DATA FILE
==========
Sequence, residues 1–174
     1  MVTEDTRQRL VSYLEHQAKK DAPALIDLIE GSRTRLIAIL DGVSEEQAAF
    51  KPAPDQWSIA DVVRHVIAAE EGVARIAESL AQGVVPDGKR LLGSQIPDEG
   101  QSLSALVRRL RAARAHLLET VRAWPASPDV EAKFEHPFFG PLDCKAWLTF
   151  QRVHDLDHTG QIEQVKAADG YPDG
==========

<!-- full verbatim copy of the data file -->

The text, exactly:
Sequence, residues 1–174
     1  MVTEDTRQRL VSYLEHQAKK DAPALIDLIE GSRTRLIAIL DGVSEEQAAF
    51  KPAPDQWSIA DVVRHVIAAE EGVARIAESL AQGVVPDGKR LLGSQIPDEG
   101  QSLSALVRRL RAARAHLLET VRAWPASPDV EAKFEHPFFG PLDCKAWLTF
   151  QRVHDLDHTG QIEQVKAADG YPDG